Muslims around the world seek spiritual and physical renewal in the Holy Month of Ramadan by fasting as required of all muslim adults that are able. This fasting is one of the five pillars of Islam. A typical day in the month of Ramadan involves fasting from sunrise to sunset, a meal to break the fast after sunset (Iftar), and typically a predawn meal before sunrise (Suhoor). Here are some informational tidbits from our Muslim readers
A time for empathy and rediscovery ...
Ramadan ... symbolizes and teaches patience, compassion, and empathy for our fellow humans. To people unfamiliar with Ramadan, upon first glance it may seem like we are just starving ourselves but that could not be further from the truth. By not eating, drinking, and indulging one’s self in his or her vices from sunrise to sunset, one not only gains an appreciation for the feeling of purity that comes along with fasting but also gains a deeper understanding and feeling for what people in unfortunate situations deal with on a regular basis. By not consuming anything all day one begins to better understand the plight of those living in poverty around the world. The fact that many of us are fortunate enough to be able to break our fast at the end of the day really brings the importance of empathy and charity back into perspective. This reminds us all that even when we feel like our lives are at their worst, there are people in the world in more unfortunate situations and that renewed perspective refreshes our humanity, empathy, and love towards others and fosters a stronger sense of community.
In the Sudanese-American community, Ramadan is also a time to practice more of our traditions from back home. Many of us spent most of our lives in the United States and, because of that, there are times when we lose touch of who we are and our culture. Therefore, Ramadan becomes a time ... to grow closer to our fellow Sudanese people and to remind ourselves of our culture and traditions. This is done through social gatherings such as group “Iftars” (which means the breaking of one’s fast), spending more time volunteering as groups, etc. We are all very proudly American but it is very important for one to have an understanding of their background in order to find their identity. Because Ramadan already fosters a stronger sense of community, it becomes the perfect time to also rediscover one's roots.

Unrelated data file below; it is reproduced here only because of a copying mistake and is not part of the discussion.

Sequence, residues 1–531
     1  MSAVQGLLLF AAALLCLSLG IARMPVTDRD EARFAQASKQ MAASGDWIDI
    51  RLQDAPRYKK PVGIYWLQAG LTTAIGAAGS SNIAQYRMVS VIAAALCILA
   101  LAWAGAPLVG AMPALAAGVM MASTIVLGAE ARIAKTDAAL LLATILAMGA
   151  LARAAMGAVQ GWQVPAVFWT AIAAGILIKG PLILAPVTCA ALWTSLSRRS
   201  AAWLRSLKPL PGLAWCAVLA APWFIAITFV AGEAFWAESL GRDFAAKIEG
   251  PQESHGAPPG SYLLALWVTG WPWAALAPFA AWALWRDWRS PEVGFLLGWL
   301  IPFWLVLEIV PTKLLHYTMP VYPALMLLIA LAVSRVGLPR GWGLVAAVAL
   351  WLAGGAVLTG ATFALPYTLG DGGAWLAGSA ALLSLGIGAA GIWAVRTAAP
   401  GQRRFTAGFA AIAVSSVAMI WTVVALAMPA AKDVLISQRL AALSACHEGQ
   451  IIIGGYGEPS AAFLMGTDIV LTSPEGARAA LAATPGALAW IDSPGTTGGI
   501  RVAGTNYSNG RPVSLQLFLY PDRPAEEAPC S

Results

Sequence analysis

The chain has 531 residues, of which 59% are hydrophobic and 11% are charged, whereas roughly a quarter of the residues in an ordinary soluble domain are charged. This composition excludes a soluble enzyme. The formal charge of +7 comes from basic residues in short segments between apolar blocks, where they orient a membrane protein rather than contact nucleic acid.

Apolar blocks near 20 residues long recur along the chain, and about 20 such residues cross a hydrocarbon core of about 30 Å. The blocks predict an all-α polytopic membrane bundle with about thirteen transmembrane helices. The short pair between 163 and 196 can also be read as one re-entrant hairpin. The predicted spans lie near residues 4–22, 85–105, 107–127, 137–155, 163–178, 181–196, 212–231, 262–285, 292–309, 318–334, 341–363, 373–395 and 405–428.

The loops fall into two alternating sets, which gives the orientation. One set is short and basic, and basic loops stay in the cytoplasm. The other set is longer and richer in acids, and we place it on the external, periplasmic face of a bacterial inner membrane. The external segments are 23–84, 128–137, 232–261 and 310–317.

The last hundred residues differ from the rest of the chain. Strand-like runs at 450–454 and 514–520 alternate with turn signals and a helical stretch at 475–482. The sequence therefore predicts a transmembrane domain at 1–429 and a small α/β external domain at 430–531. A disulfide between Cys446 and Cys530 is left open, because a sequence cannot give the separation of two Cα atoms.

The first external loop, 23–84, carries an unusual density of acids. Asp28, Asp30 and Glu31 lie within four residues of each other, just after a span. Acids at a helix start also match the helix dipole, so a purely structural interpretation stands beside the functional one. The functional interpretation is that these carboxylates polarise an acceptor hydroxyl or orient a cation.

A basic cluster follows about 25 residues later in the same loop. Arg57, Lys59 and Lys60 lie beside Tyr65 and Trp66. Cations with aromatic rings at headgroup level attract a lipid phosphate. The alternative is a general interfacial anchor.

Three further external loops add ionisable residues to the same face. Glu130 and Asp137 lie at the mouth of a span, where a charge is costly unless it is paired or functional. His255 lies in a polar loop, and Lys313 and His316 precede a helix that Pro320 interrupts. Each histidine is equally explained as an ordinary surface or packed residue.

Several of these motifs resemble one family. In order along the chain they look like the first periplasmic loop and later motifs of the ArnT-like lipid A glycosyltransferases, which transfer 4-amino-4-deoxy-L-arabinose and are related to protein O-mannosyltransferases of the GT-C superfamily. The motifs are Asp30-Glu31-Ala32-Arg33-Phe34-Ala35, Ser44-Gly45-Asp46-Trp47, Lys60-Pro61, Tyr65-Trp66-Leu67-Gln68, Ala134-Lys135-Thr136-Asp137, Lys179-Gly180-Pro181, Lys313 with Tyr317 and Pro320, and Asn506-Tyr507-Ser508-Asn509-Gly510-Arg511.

- Wafa Saeed (Denver, CO)
Ramadan is healthy ...
Ramathan is healthy for me because during this time I feel closer to Allah than ever by replacing many earthly desires with prayer, prayer and more prayer, participating in community outreach and reading the Quran.
- It's a time to renew your faith and relationship with God. Hell is closed and the doors of Jannah are open - all the devils are chained.
- If you fast with good intention and belief in Allah, all your past sins are forgiven
- A dua of a fasting person is always accepted by Allah - it is a time to ask Allah to bless you for the year ahead.
- Fasting teaches you humility and you appreciate what hunger means and what people who lack food go through
- It helps me to lose weight :) and also brings about more discipline
- Leenah (Denver, CO)
Good food for Iftar and Suhoor ...
I recommend the following foods [influenced by Indian cuisine]:
For Iftar: Haleem, Vada, Water Melon, Dates, Agar Agar For Suhoor: Rice, Roti (Naan, Chappati), Pilaf, Goat Curry, Chicken, Yogurt, Fish
- Jahira (Roseville, MN)
To a non Muslim ...
Growing up attending inclusive schools meant that I got to watch, and envy, Muslims during the month of Ramadan. Of course most of my envy was driven by the sumptuous meals as they broke fast. But there was a collective spirit in the Muslim community that always made this look like a very merry time for Islam - it didn't ever seem as challenging as fasting can surely be. So for me I can only congratulate Muslims around the world for keeping a tradition that is healthy physically and spiritually, and keeping it as a month of solidarity through the ages!
- Julius (Denver, CO)